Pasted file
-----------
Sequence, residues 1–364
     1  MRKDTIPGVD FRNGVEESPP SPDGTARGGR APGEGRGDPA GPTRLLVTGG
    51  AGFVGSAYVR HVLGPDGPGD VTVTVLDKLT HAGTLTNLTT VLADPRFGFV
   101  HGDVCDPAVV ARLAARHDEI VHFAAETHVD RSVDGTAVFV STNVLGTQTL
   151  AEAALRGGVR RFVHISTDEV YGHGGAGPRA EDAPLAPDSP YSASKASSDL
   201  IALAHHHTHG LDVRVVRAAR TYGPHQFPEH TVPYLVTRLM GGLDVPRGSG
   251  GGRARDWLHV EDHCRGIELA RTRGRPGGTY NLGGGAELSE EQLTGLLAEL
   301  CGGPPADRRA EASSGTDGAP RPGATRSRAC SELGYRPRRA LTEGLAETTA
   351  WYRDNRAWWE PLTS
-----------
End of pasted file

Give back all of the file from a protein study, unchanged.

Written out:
Sequence, residues 1–364
     1  MRKDTIPGVD FRNGVEESPP SPDGTARGGR APGEGRGDPA GPTRLLVTGG
    51  AGFVGSAYVR HVLGPDGPGD VTVTVLDKLT HAGTLTNLTT VLADPRFGFV
   101  HGDVCDPAVV ARLAARHDEI VHFAAETHVD RSVDGTAVFV STNVLGTQTL
   151  AEAALRGGVR RFVHISTDEV YGHGGAGPRA EDAPLAPDSP YSASKASSDL
   201  IALAHHHTHG LDVRVVRAAR TYGPHQFPEH TVPYLVTRLM GGLDVPRGSG
   251  GGRARDWLHV EDHCRGIELA RTRGRPGGTY NLGGGAELSE EQLTGLLAEL
   301  CGGPPADRRA EASSGTDGAP RPGATRSRAC SELGYRPRRA LTEGLAETTA
   351  WYRDNRAWWE PLTS